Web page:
Finally, the doubts I immediately had as a neighbor to this ill-advised traffic monster have certainly been exacerbated by how I’ve seen the public input process play out. The engineers and consultants struggled to provide answers and insights to questions that focused on key elements of the proposals’ designs. When a plan has been well-examined and studied while it is being developed and reviewed, its crafters can talk easily and convincingly about its key features and can seamlessly describe the promises and pitfalls of the alternatives. That was not how the designers handled themselves when subjected to a small bit of scrutiny. The proposed alternatives might look foolish because they are, in fact, foolish. I encourage a rejection of both of them.
Tuesday, May 14, 2019
Of necessity, the dinner last Saturday night needed to be quite late, and it put me into a late-night appetizer mindset when it was time to put it all together. So I tried a recipe for chicken wings with an Asian-y vinaigrette to toss them in, and I made some fresh buttermilk blue cheese dressing for dipping. And as long as I was being naughty, I thought: why not add southwestern dip and tortilla chips to it?
"Spicy Baked Chicken Wings That'll Knock Your Socks Off," from Joanna Cismaru of JoCooks.com. [Published 01 July 2011]
Adapted from "Chart House Blue Cheese Dressing," by Carl of the 2 Keto Dudes blog. [Published 08 November 2016]
"Southwestern Dip," in Betty Crocker Monthly Recipes, December 2001.
Monday, May 13, 2019
I'll assume that, when dear friend and colleague Donna Whitley-Smith passed on a collection of recipe magazines to me, she didn't expect me to get stuck on a single one among them and very nearly perseverate on it. But that's what happened with the always-delicious braised chicken over Brussels sprouts, which is both a regular dish and a favorite dish among the Roediger House meals. It's what I made for four of us last Friday night, and we ate the heck out of it before slipping up to the 3rd floor to watch the 2018 remake of Suspiria.
"Braised Chicken and Brussels Sprouts," in Everyday Food, Issue 97, November 2012, p. 22.
Sunday, May 12, 2019
I was ready for a meal of some substance last Wednesday night, given my continued yard labors, and onto our plates that night went delicious tender baked chicken thighs together with roasted baby Yukon potatoes and roasted garlic-and-parmesan asparagus. It was all terrifically delicious, swaddled in all that simplicity.
"Baked Tender Chicken Thighs," from Valentina's Corner.
Saturday, May 11, 2019
Last Tuesday was an especially fierce day of yard work and it included not a small amount of tiller labor. My busted body was grateful for the evening's respite and also a hearty healthy meal, which featured a return to perfectly roasted salmon atop power greens and gussied up with a creamy homemade Caesar dressing. Roasted sunflower seeds represented an extra decadence.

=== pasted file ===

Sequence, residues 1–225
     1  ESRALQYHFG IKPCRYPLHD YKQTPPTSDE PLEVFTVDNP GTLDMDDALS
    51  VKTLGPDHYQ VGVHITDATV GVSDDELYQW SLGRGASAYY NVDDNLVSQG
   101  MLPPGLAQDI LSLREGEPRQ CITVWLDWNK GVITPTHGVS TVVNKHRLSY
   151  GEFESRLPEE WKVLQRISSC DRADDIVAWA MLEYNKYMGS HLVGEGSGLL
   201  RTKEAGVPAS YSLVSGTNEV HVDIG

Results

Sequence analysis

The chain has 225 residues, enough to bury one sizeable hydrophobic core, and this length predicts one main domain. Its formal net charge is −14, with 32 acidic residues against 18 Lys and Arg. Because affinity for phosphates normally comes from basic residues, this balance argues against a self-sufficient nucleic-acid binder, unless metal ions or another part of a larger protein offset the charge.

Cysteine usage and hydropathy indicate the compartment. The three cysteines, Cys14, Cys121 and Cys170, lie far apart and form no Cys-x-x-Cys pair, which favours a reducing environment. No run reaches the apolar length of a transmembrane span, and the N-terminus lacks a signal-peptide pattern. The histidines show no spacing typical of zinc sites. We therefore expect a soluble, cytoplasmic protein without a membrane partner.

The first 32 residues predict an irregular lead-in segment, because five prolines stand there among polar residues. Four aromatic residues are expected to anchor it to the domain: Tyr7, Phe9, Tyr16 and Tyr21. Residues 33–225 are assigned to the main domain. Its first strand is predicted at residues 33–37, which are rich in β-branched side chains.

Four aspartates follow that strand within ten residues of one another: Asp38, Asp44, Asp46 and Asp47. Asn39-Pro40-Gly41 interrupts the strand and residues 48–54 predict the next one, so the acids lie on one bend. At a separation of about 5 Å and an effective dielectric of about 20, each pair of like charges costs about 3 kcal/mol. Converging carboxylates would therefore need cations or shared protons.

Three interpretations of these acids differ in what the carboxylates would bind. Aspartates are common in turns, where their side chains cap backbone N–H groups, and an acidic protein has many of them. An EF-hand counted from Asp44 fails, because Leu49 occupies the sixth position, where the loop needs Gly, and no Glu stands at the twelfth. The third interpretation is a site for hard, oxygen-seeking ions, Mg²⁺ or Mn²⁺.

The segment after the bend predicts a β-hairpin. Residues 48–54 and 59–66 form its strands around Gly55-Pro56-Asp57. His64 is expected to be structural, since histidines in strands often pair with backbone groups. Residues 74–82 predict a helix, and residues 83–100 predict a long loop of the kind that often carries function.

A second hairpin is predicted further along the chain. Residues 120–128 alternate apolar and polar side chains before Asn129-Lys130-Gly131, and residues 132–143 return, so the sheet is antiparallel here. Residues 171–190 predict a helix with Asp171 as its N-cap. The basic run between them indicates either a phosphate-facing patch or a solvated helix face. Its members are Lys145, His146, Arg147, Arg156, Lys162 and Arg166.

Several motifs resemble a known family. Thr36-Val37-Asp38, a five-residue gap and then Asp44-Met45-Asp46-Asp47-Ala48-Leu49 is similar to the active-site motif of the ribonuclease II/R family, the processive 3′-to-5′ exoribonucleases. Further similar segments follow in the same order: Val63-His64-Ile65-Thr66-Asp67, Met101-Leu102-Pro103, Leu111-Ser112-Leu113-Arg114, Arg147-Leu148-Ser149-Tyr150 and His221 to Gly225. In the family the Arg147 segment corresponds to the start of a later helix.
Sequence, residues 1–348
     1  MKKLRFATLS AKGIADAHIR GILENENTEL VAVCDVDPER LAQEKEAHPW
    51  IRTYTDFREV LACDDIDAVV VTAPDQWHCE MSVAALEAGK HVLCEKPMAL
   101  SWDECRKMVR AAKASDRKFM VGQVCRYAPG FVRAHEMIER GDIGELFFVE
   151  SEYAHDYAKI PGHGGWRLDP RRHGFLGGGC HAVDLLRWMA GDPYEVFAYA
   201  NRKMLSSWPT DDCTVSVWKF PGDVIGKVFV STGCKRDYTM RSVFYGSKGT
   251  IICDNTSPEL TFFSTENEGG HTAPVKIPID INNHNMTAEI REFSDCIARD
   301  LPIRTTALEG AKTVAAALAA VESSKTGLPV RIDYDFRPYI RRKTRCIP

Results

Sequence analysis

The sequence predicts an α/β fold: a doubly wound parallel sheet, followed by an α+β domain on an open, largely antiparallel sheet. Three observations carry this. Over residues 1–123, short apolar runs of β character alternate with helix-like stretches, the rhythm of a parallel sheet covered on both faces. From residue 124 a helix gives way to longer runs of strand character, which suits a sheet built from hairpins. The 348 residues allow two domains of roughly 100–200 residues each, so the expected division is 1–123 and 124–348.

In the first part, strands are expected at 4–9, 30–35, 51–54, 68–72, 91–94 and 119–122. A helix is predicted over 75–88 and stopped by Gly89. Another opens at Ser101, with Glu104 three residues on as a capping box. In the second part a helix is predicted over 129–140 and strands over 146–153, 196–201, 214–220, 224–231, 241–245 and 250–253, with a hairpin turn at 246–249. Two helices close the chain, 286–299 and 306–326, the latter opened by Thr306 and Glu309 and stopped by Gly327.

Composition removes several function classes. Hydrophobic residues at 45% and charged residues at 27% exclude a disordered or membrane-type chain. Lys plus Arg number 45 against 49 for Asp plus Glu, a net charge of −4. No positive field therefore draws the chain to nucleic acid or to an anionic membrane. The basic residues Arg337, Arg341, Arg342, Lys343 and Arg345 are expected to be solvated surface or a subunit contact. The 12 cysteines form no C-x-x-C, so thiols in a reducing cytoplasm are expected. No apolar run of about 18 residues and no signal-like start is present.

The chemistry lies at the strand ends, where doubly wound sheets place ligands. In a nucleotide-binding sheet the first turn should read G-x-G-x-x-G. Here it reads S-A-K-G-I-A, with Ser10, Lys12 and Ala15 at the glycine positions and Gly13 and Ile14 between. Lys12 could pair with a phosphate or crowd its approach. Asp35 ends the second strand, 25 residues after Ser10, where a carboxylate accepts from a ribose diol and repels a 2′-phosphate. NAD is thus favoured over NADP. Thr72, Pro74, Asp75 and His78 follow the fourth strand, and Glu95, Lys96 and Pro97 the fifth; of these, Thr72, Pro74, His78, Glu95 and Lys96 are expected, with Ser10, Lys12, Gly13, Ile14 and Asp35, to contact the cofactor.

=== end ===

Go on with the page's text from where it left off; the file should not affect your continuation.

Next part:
Friday, May 10, 2019
With inspiration from a favorite lunchtime menu item at the nearby Fourth Street Filling Station, and using leftover chicken from the previous evening's dinner, on Monday night, it was simple plates of chicken salad melts to be eaten while catching the next episodes of Kolchak: The Night Stalker.
Based on "California-Style Chicken Salad," by Cecelia Jenkins. In Cook's Country, April/May 2019, p. 7.
Thursday, May 9, 2019
It felt like we were due for a Sunday dinner of Sunday dinner proportions and styling, so I went with a rotisserie-style whole chicken in the Instant Pot. It's awesome to dip these succulent morsels of chicken in Alabama great white sauce, so I made a batch of that, too. And then there were the roasted favorites of baby Dutch potatoes and broccoli florets so that the plate looked well-balanced. Given the last few meals, this felt like a holiday feast in comparison.
"How to Cook Instant Pot Whole Chicken - Rotisserie Style," by Sheena from GlutenFreePressureCooker.com.
"Rotisserie Chicken Seasoning," by Judith Hanneman, The Midnight Baker.
"Alabama Great White Sauce" (p. 362), in Smoke & Spice, by Cheryl and Bill Jamison. Boston: The Harvard Common Press, 2003.
Wednesday, May 8, 2019
In the pen drawing made of the house some time before I bought it (and which I'm glad was passed on to me), you can see how the Roediger House looked, say, in the 1990s. From the front, it still looks much the same, although the shutters are gone...and so are those two trees. The one on the left had to be brought down almost exactly eight years ago, but the one on the right had been cut down before my time here.
Turns out, all this time, that right stump has been just beneath the surface, quietly rotting away while the topsoil covering it slowly dissipated. You can see the grassless patch in the upper right corner of the photo above (not that the whole grassy section doesn't look weak!). There was also a small opening to the hollow inside of that stump that had appeared:
So I figured it was time to dig it all out, which proved (of course!) to be a sufficiently involved endeavor.